Poverty reduction strategies aim to foster growth patterns that favour the poor (millennium development goals and poverty reduction strategy papers). However, in the past rapid economic expansion in developing countries has often been associated with increased inequality. Redistributive policies could counteract such trends. But redistribution and poverty alleviation policies are not always chosen because of efficiency, rather they prove to be a result of political processes. Therefore, such policies are likely to differ according to political regime type The project’s basic questions are thus as follows:
- How and why do redistribution and pro-poor policies differ between political regimes (democracies, autocracies, hybrid regimes)?
- Which policy or policy mix is most effective for poverty alleviation in specific regimes?
- Which political conditions are effective institutional arrangement for poverty reduction?
Contribution to International Research
The general assumption is that democracies are more responsive to public demands than authoritarian regimes; hence democracies are more likely to adopt policies to combat poverty and promote redistribution. However, autocracies may choose certain types of social policies to please citizens and relax the revolutionary threat. Quite a few studies focus on how political institutions influence social policies and what distortions they generate for poverty reduction strategies. What kind of pro-poor policy mix given specific political constraints is most effective and efficient remains unclear. Further, cross-country research on the relationship between political regimes and poverty/inequality is inconclusive. There are various reasons for this state of affairs: case and period selection, the limitations of the statistical instruments, and conceptual and measurement shortcomings.
Research Design and Methods
Our approach will enhance the differentiation of the regime variable to overcome the democracy/dictatorship dichotomy by introducing hybrid-regime categories as well as disentangle particular political institutions that are crucial for social policy choices and implementation. In addition, we will specify different qualities within the regime categories, such as diminished subtypes and partial regimes. We intend to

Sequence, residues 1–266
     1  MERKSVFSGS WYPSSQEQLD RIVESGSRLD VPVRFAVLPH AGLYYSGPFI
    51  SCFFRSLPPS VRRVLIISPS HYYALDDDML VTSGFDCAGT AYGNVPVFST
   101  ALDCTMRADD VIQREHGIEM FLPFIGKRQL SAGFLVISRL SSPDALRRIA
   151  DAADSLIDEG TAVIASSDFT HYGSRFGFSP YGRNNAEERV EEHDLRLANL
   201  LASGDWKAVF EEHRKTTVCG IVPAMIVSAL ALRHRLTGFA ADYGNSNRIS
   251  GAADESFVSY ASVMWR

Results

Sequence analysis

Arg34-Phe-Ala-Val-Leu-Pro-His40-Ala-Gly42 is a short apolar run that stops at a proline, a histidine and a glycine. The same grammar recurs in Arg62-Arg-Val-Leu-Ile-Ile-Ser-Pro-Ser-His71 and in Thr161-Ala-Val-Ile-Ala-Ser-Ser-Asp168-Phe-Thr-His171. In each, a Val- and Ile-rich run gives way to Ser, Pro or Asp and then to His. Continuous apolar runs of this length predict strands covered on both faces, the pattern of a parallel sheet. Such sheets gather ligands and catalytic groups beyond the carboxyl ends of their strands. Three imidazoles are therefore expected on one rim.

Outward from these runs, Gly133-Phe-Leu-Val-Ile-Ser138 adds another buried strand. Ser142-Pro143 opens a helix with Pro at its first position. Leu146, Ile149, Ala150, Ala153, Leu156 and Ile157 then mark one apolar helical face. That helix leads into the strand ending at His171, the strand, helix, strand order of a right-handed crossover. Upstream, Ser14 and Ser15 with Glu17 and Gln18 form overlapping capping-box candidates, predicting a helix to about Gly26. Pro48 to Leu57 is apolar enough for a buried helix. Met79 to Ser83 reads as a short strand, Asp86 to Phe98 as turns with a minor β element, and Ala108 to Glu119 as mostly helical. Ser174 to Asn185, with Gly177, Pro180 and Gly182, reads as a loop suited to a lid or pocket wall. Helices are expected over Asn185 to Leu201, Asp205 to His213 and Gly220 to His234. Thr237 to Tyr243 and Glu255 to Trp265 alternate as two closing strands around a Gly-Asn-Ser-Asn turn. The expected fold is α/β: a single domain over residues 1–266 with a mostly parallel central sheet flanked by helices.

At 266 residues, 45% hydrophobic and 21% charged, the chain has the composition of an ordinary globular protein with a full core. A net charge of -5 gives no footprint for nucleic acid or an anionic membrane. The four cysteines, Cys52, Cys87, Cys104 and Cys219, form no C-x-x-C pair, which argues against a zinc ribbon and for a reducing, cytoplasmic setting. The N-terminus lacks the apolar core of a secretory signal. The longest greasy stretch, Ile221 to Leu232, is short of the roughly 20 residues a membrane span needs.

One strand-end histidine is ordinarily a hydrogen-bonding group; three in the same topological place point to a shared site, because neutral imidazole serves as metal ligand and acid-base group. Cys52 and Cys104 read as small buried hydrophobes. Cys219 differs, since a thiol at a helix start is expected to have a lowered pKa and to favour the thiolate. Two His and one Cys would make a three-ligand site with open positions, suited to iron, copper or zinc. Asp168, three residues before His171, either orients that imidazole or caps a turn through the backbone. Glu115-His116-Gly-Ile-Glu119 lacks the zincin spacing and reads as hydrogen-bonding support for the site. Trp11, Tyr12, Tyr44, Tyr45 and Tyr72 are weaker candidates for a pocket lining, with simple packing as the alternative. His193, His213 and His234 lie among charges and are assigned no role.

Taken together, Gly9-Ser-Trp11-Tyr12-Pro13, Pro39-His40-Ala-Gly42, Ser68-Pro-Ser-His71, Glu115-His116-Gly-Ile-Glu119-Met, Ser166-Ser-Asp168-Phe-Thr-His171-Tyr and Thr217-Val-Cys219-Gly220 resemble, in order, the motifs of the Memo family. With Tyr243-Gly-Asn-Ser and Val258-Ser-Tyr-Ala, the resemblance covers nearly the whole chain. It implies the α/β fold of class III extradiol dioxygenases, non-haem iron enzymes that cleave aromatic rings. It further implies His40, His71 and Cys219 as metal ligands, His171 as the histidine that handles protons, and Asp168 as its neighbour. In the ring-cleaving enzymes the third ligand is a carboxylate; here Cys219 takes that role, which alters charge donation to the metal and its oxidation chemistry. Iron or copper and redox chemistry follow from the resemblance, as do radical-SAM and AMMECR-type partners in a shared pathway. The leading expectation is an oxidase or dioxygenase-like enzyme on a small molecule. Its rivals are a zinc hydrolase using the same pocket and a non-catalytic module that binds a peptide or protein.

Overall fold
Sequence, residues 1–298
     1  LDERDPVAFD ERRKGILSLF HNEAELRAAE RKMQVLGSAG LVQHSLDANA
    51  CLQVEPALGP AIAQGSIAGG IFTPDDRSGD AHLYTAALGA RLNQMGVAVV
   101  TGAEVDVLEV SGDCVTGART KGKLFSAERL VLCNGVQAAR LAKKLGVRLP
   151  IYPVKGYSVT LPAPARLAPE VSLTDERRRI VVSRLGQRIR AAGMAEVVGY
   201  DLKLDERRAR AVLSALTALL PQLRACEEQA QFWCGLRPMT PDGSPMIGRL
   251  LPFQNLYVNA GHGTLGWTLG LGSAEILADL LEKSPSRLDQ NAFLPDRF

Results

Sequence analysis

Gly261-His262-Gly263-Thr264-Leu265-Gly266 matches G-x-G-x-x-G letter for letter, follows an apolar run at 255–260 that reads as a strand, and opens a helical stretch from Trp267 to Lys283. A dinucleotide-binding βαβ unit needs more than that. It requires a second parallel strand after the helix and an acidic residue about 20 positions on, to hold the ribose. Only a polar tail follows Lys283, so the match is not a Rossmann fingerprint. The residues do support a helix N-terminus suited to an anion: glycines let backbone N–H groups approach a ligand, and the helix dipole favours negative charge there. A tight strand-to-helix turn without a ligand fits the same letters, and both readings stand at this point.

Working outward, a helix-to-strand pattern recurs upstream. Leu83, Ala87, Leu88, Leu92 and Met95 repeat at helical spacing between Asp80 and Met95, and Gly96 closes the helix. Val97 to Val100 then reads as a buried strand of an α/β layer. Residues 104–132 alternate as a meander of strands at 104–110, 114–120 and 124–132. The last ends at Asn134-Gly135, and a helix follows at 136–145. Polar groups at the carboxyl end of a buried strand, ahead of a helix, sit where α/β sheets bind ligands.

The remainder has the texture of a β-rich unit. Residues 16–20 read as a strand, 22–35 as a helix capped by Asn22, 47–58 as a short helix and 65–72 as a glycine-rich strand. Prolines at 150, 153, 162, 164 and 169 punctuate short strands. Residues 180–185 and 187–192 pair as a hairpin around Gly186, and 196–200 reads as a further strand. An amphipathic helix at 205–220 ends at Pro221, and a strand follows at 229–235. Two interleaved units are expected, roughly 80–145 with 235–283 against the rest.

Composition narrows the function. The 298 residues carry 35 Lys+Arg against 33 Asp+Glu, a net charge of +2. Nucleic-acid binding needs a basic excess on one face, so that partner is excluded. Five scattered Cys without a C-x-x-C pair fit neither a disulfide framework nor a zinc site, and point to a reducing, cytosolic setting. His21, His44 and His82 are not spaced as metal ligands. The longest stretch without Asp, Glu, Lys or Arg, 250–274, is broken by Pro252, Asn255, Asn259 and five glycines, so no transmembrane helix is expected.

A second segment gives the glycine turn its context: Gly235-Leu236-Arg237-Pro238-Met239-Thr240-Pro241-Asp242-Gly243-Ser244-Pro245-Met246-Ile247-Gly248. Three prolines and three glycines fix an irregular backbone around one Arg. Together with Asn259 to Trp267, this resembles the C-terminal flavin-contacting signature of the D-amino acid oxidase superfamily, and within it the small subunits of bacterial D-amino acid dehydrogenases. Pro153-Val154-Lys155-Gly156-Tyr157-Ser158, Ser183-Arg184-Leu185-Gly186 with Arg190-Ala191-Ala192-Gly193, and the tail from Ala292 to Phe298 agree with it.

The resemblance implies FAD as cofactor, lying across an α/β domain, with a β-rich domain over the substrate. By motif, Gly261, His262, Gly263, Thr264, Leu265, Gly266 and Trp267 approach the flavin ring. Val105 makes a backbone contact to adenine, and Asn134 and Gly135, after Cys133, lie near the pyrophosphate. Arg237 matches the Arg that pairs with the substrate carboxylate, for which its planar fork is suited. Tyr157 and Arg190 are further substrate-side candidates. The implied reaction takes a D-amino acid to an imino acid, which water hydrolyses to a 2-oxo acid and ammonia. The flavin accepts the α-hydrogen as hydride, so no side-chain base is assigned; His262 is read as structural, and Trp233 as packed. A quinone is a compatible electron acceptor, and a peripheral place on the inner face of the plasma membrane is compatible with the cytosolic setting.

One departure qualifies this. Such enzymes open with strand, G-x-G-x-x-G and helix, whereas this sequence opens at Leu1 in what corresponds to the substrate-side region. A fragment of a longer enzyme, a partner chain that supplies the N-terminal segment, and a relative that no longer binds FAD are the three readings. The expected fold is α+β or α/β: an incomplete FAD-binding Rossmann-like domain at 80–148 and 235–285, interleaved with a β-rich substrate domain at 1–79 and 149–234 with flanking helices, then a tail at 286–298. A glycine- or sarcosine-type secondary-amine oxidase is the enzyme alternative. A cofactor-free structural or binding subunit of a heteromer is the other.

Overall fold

- assess the relationship between poverty/inequality and regime type;
- examine which policies are most likely to be adopted by specific regime types; and
- analyse the differences in the effectiveness and efficiency of specific policies under different regime types.
Such an analysis will provide answers as to why some countries are less effective in poverty reduction or less intend to adopt certain types of social policies. The study will comprise both a cross-country large-N analysis and within-country evaluation of specific policies. A small-N comparison of selected country cases from Africa, Asia and Latin America according to regime type, policies, and governance efficacy will help to identify key variables and main patterns of pro-poor policies across regimes.
We have collected data on non-contributory pro-poor transfers in all developing countries for 1960-2015. Our data comprises transfers that are rolled out on a large scale at the national level and that are independent of recipients’ employment. Exploiting these cross-country panel data we show that the probability of having a transfer program is higher in democracies than in autocracies. This implies that democracies redistribute more than autocracies through pro-poor transfers. We also find that conditional cash transfers, that link the receipt of cash transfers to investments in children’s health and schooling, are more often chosen under more democratic regimes. Since such human capital investments will only pay off in a relatively distant future, the motive to implement conditional cash transfers is rather one of fostering long term development than a political one. Related to this, we find that more autocratic regimes are more likely to employ methods for beneficiary selection that allow the allocation of transfers to political supporters or to groups that should be appeased. Finally, we contribute knowledge on whether social policies can change political behaviour. In two country cases, Mali and Ghana, we find that conditional cash transfers lead to a decrease in non-electoral political participation of citizens. The basic insight is that the implementation of a transfer program can lead to reduced opposition activities such as taking part in demonstrations.